Like most young males that grew up in a suburbia, I am a big fan of hip hop. However, I am by no means a Drake superfan. Fortunately, I was given an opportunity to check out his Summer Sixteen tour with Future free of charge, so of course I went.
I hold hip hop shows to a high standard. I’ve been lucky to see some of the greatest artists of the genre perform and I’ve learned that Rap shows can be very hit or miss. In a time where auto tune is prevalent in almost every popular rap track, many rappers rely heavily on a backing vocal that they half-heartedly mumble over in front of a crowd. I do not find this entertaining. I can mumble over tracks being played really loud at home, and I can do it in my underwear (something as of yet unacceptable in a public space).
Now that that’s out of the way, let’s get to the real reason I’m here. How did this show stack up? Drake exploded onto the stage, opening with the titular track of the tour “Summer Sixteen” sporting a Vancouver Canucks jersey — the first of many times he would go on to stroke the ego of the local crowd. Drake has made a reputation for himself in the genre the past few years as somewhat of a ‘wave rider’: somebody that can hop onto a growing trend and blow it up into the mainstream. Last night he was hopping on to Vancouver and bringing us along to the top of the rap game.
Drake’s stage presence is second to none, the man can work a crowd with the best of them. As the crowd went crazy over his immense back catalog of single after single, he assured us that we were the best crowd of the tour thus far, undoubtedly a title bestowed upon every city on this tour. After getting the crowd amped up, the Toronto MC decided to slow the vibe down and perform some songs “for the ladies,” showcasing his versatility by moving to his R&B-inspired crooning after a whirlwind of braggadocios hits. It was during this part of the concert in which the real set piece of the night made its appearance. The lights.
Suspended above the crowd for the first part of the show were hundreds of orbs that hung ominously above the floor section. As the beginning of the massively popular “Hotline Bling” began to play, a single one of these orbs descended to the stage as Drake sang to it. When the bass hit, it shot back up into the rafters and the rest of the orbs illuminated, then rose and fell with the music. As the night went on they formed geometric shapes, letters, and really brought a unique visual experience to the show.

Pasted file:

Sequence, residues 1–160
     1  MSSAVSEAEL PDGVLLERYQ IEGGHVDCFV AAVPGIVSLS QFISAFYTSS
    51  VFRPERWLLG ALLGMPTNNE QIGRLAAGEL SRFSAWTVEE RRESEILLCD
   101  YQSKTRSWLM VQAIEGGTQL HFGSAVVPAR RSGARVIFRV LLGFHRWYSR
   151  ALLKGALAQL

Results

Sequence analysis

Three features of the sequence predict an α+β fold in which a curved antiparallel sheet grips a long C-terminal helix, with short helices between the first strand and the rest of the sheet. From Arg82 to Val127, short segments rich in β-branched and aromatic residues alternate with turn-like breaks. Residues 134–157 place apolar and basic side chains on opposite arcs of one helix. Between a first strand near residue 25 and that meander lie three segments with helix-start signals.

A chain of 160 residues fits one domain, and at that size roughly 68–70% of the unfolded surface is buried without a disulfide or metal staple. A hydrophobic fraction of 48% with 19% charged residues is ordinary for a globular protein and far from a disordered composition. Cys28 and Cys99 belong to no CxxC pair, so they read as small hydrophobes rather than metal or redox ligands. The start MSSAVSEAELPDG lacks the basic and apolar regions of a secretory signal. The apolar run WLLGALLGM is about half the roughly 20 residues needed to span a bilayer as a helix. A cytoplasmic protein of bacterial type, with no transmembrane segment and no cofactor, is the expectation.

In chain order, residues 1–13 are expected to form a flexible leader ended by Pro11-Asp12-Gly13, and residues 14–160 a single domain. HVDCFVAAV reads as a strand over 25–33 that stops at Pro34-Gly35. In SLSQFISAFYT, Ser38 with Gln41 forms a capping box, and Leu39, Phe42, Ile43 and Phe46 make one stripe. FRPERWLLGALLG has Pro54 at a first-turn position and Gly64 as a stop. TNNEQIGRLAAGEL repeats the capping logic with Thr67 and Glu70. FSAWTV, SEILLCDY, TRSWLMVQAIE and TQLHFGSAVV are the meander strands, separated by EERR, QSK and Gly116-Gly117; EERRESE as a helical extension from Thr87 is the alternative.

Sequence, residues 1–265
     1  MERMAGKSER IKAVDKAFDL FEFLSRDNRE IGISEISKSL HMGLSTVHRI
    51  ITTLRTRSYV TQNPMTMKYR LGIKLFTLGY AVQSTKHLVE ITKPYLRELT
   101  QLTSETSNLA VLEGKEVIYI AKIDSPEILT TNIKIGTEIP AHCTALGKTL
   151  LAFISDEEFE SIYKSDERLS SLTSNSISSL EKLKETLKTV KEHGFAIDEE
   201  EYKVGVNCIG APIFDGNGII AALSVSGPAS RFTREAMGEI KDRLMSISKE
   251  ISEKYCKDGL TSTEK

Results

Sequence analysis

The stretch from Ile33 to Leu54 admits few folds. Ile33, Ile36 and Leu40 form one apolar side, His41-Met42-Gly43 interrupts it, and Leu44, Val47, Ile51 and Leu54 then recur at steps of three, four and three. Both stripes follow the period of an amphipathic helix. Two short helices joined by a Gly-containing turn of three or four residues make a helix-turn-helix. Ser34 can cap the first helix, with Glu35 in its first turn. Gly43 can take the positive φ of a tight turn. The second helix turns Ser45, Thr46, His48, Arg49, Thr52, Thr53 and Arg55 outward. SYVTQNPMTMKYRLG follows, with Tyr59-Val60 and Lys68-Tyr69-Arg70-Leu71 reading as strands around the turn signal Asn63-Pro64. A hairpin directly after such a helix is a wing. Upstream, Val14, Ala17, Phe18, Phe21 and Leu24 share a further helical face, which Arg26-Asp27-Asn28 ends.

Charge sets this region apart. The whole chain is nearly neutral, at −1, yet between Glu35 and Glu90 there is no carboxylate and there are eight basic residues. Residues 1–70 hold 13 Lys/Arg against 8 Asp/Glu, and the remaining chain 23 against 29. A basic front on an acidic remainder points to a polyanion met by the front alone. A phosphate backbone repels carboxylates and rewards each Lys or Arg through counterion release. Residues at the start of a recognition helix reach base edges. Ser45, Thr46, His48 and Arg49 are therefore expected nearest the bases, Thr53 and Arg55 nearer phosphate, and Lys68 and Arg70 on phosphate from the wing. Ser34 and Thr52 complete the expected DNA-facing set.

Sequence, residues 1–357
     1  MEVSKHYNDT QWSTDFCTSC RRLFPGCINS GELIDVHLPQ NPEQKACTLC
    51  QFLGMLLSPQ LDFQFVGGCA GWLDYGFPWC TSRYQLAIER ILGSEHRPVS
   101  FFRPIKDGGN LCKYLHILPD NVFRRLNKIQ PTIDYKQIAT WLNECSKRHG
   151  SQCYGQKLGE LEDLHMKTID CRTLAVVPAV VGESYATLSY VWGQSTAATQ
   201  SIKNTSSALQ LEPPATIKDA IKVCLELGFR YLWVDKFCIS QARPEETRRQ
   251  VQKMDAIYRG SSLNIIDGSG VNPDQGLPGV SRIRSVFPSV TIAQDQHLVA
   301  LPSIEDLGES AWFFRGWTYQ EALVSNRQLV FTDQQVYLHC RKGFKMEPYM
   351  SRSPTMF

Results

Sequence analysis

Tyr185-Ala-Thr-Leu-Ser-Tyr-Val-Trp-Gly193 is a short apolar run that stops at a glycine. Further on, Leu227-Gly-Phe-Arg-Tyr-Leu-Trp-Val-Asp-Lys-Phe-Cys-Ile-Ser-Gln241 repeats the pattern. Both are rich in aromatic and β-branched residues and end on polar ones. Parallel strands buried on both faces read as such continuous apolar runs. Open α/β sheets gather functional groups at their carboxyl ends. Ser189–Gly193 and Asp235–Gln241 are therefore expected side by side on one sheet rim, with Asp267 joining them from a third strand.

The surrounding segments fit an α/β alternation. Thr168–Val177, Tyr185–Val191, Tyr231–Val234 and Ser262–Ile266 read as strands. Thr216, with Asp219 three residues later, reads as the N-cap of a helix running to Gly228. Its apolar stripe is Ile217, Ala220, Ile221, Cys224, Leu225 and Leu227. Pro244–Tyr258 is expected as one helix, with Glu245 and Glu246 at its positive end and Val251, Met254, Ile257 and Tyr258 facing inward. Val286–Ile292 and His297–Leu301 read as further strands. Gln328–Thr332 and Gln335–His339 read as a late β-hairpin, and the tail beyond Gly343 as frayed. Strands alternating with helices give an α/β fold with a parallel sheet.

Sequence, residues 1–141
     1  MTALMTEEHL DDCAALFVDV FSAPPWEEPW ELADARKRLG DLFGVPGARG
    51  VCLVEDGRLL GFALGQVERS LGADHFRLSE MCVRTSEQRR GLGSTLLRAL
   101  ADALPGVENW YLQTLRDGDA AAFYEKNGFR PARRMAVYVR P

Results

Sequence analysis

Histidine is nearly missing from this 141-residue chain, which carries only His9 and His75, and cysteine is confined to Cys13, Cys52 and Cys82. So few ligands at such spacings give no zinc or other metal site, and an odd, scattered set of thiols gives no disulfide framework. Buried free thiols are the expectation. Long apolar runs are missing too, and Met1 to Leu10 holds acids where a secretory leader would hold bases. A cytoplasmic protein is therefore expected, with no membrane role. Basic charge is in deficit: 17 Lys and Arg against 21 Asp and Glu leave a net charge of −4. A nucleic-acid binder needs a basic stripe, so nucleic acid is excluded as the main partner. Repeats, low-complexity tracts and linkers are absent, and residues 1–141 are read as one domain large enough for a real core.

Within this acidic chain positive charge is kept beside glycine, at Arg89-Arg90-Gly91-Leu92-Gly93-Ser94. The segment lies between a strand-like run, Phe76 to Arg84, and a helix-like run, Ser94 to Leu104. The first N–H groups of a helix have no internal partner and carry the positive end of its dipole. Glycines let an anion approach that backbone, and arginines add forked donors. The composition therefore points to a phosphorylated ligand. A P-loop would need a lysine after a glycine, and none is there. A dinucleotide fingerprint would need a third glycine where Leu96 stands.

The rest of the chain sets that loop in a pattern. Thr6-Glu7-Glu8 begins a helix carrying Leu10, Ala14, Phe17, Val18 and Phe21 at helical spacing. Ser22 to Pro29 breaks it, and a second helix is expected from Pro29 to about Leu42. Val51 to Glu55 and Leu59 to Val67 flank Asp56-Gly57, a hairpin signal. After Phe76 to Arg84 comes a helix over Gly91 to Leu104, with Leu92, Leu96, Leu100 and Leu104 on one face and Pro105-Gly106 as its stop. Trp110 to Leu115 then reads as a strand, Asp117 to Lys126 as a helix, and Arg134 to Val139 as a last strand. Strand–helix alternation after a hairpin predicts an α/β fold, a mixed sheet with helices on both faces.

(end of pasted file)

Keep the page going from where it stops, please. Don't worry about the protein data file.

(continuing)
As the first section of the show came to a close, Drake brought out his co-headliner, Future. The two performed their track “Grammys” together before Drake left the stage. If Drake is a representation of everything I love about a good rap show. Future is everything I hate about a bad rap show: His DJ played 4 or 5 songs and Future loudly warbled every 4th word over a backing track. His set felt like amateur hour after being treated to the energetic, larger-than-life persona of Drake for nearly 45 minutes. The two MC’s linked back up and played a few songs off of their collaboration record What a Time to Be Alive and then we were treated to another few Drake solo tracks ending with the ultimate self aggrandizing anthem, “Legend.”
Speaking as a mild fan of the man, this concert really wowed me. Drake is a well-oiled machine when it comes to his performing career. From the shoutouts to individual people in the crowd, to the constant reassurance that we were the best crowd of the tour thus far, he really did all that he could to ensure the audience was having a blast. I mean this guy had the entire crowd cheering after he proudly proclaimed he was from Toronto, a feat that will probably never be reached in Roger’s Arena again until he rolls back into town. Future’s section of the show was definitely the low point and I think he needs to step his game up if he wants to reach that next echelon of stardom.